Saturday, 16 November 2013

William Blake – Songs of innocence and of experience.

“At Lambeth, where many of the Songs were composed, Blake was once discovered in his little back-garden, sitting naked in the sun under a tree with Catherine, reading Paradise Lost. He called to the friend, ‘Come in! It’s only Adam and Eve, you know!” (Holmes in Blake, 1991,

“’”What,” it will be Questioned, “when the Sun rises do you not see a round disc of fire, somewhat like a Guinea?” O no, no, I see an Innumerable company of the Heavenly host crying “Holy, Holy, Holy is the Lord almighty.” I question not my Corporeal or Vegetative Eye any more than I would question a Window concerning a Sight. I look through it & not with it.’” (Holmes in Blake, 1991, p.vii).

 “He is called by thy name,
For he calls himself a Lamb:
He is meek & he is mild,
He became a little child:
I a child & thou a lamb” (Blake, 1991, 8; The Lamb).

“Look on he rising sun: there God does live
And gives his light. And gives his heat away.
And we are put on earth a little space ..
That we may learn to bear the beams of love.
For when our souls have learn’d the heat to bear
The cloud will vanish we shall hear his voice.” (Blake, 1991, 10; The Little Black Boy).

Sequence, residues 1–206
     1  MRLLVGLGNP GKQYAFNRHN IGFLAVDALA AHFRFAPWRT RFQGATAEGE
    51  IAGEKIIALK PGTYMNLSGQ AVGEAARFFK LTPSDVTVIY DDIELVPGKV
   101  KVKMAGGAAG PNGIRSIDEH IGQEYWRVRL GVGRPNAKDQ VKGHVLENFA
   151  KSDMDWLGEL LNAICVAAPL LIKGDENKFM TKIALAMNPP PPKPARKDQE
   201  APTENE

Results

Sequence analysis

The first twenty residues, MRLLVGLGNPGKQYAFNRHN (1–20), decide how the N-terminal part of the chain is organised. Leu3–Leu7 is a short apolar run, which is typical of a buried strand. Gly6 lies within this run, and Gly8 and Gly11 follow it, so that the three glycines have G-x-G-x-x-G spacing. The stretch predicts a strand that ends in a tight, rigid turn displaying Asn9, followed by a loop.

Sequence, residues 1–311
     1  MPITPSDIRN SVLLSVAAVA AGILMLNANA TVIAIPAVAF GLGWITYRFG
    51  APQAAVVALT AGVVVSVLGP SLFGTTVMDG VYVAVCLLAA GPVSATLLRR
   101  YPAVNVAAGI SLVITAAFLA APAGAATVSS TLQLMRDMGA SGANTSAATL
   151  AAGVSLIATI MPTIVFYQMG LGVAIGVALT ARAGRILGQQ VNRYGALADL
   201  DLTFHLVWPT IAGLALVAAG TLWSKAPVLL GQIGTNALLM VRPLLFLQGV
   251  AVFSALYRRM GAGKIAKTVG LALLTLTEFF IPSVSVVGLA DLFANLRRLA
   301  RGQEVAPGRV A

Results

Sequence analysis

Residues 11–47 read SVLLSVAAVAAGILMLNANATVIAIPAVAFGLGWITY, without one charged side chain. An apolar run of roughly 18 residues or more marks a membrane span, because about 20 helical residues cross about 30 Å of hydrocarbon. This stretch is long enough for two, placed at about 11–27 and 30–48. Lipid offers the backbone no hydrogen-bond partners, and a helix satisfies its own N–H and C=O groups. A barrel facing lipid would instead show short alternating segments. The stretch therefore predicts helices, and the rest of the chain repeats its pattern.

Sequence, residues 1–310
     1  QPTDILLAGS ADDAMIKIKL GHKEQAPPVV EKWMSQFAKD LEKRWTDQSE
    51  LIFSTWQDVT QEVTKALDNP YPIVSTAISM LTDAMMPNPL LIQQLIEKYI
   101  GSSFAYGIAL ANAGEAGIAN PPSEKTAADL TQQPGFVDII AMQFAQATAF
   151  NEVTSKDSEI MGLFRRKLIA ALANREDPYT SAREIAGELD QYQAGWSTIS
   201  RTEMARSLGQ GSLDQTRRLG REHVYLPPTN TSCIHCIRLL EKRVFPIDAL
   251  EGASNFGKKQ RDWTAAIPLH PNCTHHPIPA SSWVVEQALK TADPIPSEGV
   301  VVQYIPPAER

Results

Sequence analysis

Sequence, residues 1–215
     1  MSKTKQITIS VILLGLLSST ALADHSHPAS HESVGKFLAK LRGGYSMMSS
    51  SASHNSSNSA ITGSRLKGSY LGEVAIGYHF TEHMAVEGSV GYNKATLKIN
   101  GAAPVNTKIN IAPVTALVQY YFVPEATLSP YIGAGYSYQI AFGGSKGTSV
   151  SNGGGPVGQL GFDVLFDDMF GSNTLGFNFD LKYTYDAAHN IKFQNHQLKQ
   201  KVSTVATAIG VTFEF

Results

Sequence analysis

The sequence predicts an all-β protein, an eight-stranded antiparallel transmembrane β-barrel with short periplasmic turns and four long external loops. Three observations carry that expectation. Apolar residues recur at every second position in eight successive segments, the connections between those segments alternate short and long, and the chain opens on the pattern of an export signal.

“Father, father, where are you going
O do not walk so fast.
Speak father, speak to your little boy
Or else I shall be lost.” (Blake, 1991, 13; The Little Boy Lost).

“When wolves and tygers howl for prey
They pitying stand and weep;
Seeking to drive their thirst away,
And keep them from the sheep.
But if they rush dreadful;
The angels most heedful,
Receive each mild spirit.
New worlds to inherit.

And there the lions ruddy eyes,
Shall flow with tears of gold;
And pitying the tender cries,
And walking round the fold:
Saying: wrath by his meekness
And by his health, sickness
Is driven away,
From our immortal day.

And now beside thee bleating lamb.
I can lie down and sleep;” (Blake, 1991, 21; Night).

The core in the songs of experience is that the root of evil is selfishness. Many of the pictures of the song of innocence is turned into evil by selfishness. Because selfishness destroys the circle of reciprocity, goodwill and gifts:
“Am not I
A fly like thee?
Or art not thou

A man lie me?” (Blake, 1991, 40; The Fly).

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